• For Google Chrome and Mozilla Firefox right click the “Wave SUA file” name and select "Save Link As", then select the location where you want to save the file and click on SAVE.




ClearNav supports the OpenAir (.txt) airspace files.

To install the “Wave SUA file” airspace file on your ClearNav, first download the file to your PC. Insert the ClearNav USB thumb drive into a USB port of your PC and copy the file to the Map Data / SUAs folder.

With the ClearNav turned off, insert the USB drive into the ClearNav USB port and turn on the ClearNav. Answer YES to the question "Update Files", select maps.

When ClearNav has loaded, use the Remote Control device and go to Menu> Setup Menu> Special Use Airspace. Select LOAD, and scroll to and select the file.. The file will be loaded. Click Menu to return to the main map screen and you can view the newly installed Wave windows.



SeeYou Mobile version 6.61+ supports multiple airspace files in the SeeYou .cub and OpenAir, .txt file.

The “Wave SUA file” needs to be copied to the “airspace” folder on the SD card of the OUDIE, or to the “Airfields and Airspace” folder in the main program section.

This can be done by connecting your OUDIE to a PC using a USB cable. You could also just remove the SD card from the SeeYou Mobile or Oudie, insert it into an SD card reader on your PC and copy the “Wave SUA file” to the correct folder.

NOTE - YOU NEED TO MAKE THE AIRSPACE ACTIVE from the airspace list and make it visible:

ACTIVATE: To make the airspace active, click MENU / Settings / Files / Airspace …, then scroll until you see the file you want to make active and click on the box to insert a check mark to activate that file.

MAKE VISIBLE: The wave window may NOT be visible until you change the settings. located in the Menu / Settings / Setup Airspace section.

In the "Airspace type" box right click on the drop down list, select "Glider Sector", then select the line Width, Color, and Fill. It is recommended to select Fill Transparent or Fill 10%, otherwise the color may block the waypoints in the Wave Boundaries.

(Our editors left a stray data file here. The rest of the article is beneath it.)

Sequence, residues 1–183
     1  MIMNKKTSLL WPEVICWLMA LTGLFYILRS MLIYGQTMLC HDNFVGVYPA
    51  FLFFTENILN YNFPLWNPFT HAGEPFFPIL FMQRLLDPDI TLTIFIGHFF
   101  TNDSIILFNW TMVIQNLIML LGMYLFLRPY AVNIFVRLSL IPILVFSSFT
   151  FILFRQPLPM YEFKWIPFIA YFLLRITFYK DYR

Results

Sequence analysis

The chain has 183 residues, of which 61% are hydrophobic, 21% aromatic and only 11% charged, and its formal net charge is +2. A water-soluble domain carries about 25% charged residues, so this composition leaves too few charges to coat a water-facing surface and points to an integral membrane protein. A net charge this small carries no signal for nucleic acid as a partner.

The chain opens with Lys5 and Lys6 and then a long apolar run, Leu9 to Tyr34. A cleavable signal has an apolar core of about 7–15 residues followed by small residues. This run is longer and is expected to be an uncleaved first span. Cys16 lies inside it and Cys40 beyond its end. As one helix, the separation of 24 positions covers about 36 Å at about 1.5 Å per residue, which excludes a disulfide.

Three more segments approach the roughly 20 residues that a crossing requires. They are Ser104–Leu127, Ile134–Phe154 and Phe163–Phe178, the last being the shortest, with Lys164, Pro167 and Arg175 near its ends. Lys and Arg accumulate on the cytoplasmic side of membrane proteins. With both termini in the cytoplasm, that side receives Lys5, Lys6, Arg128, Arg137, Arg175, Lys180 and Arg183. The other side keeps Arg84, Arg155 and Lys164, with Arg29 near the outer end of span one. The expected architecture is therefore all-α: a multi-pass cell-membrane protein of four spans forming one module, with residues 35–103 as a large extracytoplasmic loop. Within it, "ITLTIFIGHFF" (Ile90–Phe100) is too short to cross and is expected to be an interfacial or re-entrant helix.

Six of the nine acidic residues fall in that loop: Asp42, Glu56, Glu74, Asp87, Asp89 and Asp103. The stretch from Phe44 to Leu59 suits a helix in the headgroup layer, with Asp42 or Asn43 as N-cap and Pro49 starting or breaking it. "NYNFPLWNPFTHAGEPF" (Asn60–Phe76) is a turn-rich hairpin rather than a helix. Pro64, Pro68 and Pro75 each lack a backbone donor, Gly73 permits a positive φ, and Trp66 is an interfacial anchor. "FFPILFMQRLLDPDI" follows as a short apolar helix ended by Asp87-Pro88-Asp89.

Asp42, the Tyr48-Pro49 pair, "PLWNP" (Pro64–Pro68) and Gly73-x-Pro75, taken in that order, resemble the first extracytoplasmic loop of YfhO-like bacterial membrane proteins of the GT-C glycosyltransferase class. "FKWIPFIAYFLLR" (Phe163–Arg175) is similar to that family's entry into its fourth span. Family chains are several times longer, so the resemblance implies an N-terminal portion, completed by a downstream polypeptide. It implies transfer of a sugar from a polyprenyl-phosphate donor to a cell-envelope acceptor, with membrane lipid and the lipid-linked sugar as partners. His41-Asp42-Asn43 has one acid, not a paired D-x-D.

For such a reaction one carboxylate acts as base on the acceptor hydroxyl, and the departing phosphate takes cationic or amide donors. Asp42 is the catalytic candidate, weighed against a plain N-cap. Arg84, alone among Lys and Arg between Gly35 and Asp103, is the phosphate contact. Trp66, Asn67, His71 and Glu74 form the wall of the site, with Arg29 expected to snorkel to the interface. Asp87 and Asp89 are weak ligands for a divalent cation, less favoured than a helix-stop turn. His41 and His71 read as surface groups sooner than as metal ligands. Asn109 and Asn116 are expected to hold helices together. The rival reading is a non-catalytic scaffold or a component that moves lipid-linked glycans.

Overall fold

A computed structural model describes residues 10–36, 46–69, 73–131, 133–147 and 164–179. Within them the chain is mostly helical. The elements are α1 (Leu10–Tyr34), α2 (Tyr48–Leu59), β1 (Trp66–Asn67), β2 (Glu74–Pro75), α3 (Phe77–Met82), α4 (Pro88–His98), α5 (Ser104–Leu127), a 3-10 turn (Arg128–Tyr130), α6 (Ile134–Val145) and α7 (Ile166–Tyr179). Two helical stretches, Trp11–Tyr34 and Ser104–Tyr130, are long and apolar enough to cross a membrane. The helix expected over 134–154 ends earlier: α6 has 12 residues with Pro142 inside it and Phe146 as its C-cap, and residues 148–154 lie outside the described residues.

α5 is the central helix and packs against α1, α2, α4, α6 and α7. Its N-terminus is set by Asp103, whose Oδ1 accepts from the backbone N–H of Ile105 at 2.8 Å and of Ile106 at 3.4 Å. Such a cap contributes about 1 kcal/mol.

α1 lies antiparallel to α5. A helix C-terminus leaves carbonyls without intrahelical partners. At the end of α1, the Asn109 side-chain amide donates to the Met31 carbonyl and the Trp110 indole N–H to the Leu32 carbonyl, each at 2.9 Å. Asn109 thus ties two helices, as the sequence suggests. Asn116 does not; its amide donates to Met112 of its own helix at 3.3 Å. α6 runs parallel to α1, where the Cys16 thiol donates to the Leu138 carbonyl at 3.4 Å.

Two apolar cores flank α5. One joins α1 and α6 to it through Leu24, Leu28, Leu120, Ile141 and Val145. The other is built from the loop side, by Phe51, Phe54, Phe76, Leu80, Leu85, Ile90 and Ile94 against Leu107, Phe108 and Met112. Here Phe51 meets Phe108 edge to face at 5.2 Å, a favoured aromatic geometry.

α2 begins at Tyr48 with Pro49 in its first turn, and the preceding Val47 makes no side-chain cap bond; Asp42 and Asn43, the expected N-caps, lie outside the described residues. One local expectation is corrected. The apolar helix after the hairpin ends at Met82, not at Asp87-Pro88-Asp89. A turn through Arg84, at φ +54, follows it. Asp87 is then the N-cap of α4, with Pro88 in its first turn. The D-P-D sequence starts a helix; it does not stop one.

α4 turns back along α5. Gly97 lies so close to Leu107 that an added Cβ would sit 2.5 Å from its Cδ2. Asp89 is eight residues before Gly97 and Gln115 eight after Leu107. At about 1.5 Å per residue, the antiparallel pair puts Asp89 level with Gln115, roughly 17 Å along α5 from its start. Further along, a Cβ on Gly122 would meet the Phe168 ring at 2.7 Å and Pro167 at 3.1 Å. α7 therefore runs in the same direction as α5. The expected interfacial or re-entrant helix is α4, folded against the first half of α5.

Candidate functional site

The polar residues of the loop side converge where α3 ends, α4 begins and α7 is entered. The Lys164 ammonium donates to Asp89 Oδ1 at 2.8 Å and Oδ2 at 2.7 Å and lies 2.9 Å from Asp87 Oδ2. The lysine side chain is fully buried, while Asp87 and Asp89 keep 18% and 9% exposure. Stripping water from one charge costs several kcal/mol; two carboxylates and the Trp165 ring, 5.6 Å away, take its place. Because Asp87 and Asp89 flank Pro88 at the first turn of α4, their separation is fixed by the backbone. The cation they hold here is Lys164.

Make sure that "Show Airspace" has a check mark next to it or the Wave Window will not be visible (be sure to set up Map 1 and Map ).


SEEYOU Desktop

SeeYou desktop supports multiple airspace files in the SeeYou .cub and OpenAir .txt file format.

Download the “Wave SUA file” from the downloads section and save to a folder on your computer.

Open SeeYou, then on the top menu click Tools / Airspace and the Airspace box will open.

On the bottom of the Airspace box select Add, and navigate to the folder where the “Wave SUA file” you downloaded resides and click Open. That will load the file and it should automatically put a check mark on the left side so the file will be activated.

In the same Airspace Box, look at the list of airspace types and be sure that Glider Sector has a check mark on the left - otherwise it will not be visible on the map.

Then in the SAME Airspace box near the top you will see "Options, Item ", click on the right side down arrow, scroll down to "Glider Sector".

With "Glider Sector" in the window you then select Style (recommend Inbound Offset), Line Width, and your choice of Color.  Click OK and then check your map.  The Williams Glider Area North and South should show on the map.



WinPilot directly supports adding one or more files in open airspace format. This year’s file has not been tested, but the OpenAir file format is the same file type as the previous file so we expect it to load exactly the same.  Please report back if this is wrong.


Copy the “Wave SUA file” to a location on your PDA where WinPilot will find it. This needs to be either the WinPilot directory (default of My Documents) or the top level directory of the SD memory card. In WinPilot go to Menu>Files and click on the Additional Airspace […] button select your “Wave SUA file” . Click the up arrow button and then the OK button.